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Wimbledon 2016: Defending champion Novak Djokovic in shock third round upset to world no. 41 Sam Querrey

Abigail Johnson in News 2 Jul 2016
  • Top seed Novak Djokovic has crashed out in the Wimbledon third round to world no. 41 Sam Querrey of America
  • Djokovic was the defending champion at all four Grand Slams after winning the French Open last month
  • Querrey led 7-6(6) 6-1 before rain halted play on Friday, and resumed to win 7-6(6) 6-1 4-6 7-6(5)

Two-time defending champion Novak Djokovic has crashed out in the third round of Wimbledon to world no. 41 Sam Querrey.

Djokovic, who held all four Grand Slam titles after winning the French Open, was the favourite to win Wimbledon for the third straight time this year. The Serb had not dropped a set throughout victories over James Ward and Adrian Mannarino in the first two rounds, and looked especially impressive during the latter match – in which he converted on three of seven break point opportunities against a man playing at 100 percent of his abilities.

Nevertheless, Sam Querrey – renowned for his big serve and inability to win big matches – came out firing against Novak Djokovic on Court 1 on Friday. He dropped just three points on serve before the first set tiebreak, and played a confident breaker to take a 7-6(6) lead, before simply annihilating an underwhelming top seed in the second set. Djokovic could not find an answer to the bombs raining down from the no. 28 seed's racquet, and the swinging groundstrokes that struck the lines like bullets, dropping the set 6-1 and looking in trouble.

When rain delayed play until Saturday, it looked as though Querrey's chances could be over – such is the mental and physical supremacy of Novak Djokvic. The 12-time Grand Slam champion had, after all, recovered from a two sets to love deficit against Kevin Anderson here last season, and leaped out to a 5-0 lead on the resumption of his third round match with Querrey. While he only managed to claim the set 6-3, his world no. 41-ranked opponent appeared a shadow of the player who had taken the lead on the prior day: Going for the aggressive shots, but often missing by wide margins.

Even in the fourth set, it felt as though the world no. 1 were the closer man to victory – as he claimed break points in two straight Querrey service games, before finally pushing through for a 5-4 advantage. By now, the American had failed to take advantage of chance after chance offered up on the Djokovic serve.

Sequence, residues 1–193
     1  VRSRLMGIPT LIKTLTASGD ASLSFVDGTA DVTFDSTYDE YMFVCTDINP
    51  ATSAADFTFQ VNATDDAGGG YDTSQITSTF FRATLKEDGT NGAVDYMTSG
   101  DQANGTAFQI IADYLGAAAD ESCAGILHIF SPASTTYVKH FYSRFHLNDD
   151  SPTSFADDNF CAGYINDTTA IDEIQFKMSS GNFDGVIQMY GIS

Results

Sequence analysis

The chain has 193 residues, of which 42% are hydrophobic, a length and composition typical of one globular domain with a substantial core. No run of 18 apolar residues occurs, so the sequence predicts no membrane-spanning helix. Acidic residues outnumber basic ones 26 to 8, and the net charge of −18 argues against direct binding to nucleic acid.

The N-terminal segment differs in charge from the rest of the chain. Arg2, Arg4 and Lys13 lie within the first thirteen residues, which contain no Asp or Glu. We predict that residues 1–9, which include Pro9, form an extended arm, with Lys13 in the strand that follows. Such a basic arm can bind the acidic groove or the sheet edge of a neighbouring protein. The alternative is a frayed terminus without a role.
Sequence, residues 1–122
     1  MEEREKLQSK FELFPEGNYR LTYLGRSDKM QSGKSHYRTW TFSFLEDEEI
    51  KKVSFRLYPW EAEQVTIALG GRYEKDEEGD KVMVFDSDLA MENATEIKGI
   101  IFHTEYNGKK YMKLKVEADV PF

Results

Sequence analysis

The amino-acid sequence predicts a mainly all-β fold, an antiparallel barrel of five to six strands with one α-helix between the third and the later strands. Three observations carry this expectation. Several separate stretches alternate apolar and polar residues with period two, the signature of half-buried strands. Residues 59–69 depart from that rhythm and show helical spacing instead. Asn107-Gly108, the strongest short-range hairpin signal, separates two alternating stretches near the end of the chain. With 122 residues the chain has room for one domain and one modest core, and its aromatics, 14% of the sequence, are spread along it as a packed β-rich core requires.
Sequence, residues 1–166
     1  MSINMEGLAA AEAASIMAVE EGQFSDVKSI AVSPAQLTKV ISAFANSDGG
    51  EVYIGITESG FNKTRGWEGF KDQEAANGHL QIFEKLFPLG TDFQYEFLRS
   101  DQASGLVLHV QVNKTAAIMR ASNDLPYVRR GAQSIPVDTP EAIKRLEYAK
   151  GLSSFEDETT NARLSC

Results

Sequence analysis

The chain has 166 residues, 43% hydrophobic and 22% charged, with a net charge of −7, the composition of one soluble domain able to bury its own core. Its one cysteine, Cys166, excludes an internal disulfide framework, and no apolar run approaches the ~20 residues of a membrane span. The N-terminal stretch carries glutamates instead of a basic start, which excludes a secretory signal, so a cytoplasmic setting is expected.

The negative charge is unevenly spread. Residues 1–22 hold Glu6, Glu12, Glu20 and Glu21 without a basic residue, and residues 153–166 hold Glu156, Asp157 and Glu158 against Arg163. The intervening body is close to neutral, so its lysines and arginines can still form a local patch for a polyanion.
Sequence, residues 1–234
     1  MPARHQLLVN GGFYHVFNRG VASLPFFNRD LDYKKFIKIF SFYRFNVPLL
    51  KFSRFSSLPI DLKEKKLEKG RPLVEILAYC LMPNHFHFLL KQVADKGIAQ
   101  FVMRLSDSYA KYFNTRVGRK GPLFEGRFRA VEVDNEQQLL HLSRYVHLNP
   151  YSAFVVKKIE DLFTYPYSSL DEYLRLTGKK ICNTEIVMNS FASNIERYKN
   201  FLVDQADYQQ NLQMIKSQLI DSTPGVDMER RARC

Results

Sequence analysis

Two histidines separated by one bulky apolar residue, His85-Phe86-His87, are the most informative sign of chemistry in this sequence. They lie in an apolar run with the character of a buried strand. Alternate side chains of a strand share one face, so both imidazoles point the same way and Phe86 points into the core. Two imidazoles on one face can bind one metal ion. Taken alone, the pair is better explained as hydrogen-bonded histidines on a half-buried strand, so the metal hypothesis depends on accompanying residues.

But things began to get messy as Novak Djokovic served for the match. Two apparent unforced errors made by the server were actually good shots, but the Serb did not have sufficient challenges to object the calls. Broken to 30 as he sent a low volley into the net, he could make no impact on Sam Querrey in the following game – thus coming four points away from losing the match.

At this point, the last of many rain delays during the clash occurred. As he departed to shelter, the top seed could be seen gesturing frantically for his coach, Boris Becker, to join him as he waited to return to court. But in the unrivalled shock of the 2016 season, nothing the German said could help Novak Djokovic to recover. While he held serve upon resumption to force a tiebreak – and went on to take an early 4-2 advantage - the misses that sprayed from his racquet at the most crucial of times was a foreign sight to tennis followers worldwide. The last of these came on Sam Querrey's second match point, as the defending champion sprayed a backhand wide in one of the long rallies he had previously been dominating.

Sam Querrey was not the vintage star of Friday evening on Saturday afternoon, but the lead that he had developed – and the aces he belted down on break points – were enough to see him to a stunning upset. The stop-and-start nature of the match only intensified the mental test that it the duel was, and the 28-year-old survived the challenge: 7-6 6-1 3-6 7-6, in two hours and 56 minutes. This is the first time that Novak Djokovic has lost before the quarter-finals of a major tournament since the French Open in 2009, when he fell 6-4 6-4 6-4 to Philipp Kohlschreiber in the third round.

Querrey hit 56 winners during the match – of which a phenomenal 31 were aces. These were accompanied by 52 unforced errors. Djokovic, meanwhile, hit 31 unforced errors, but only managed 34 winners. In the most telling of statistics, he converted on just three of 17 break point opportunities, compared to Querrey's four of 15. Small margins made a massive difference.

“I'm so ecstatic!” Sam Querrey enthused after the biggest win of his career. “I played the break points well, and every time he had a break point I was able to come up with a big serve.”

He added: "He came out and got the first four games. Fortunately for me we had another rain delay and I got to regroup. I'm just taking it one round at a time."

Sam Querrey will now face France's Nicolas Mahut for a place in the Wimbledon quarter-finals.


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Wimbledon 2016: Defending champion Novak Djokovic in shock third round upset to world no. 41 Sam Querrey

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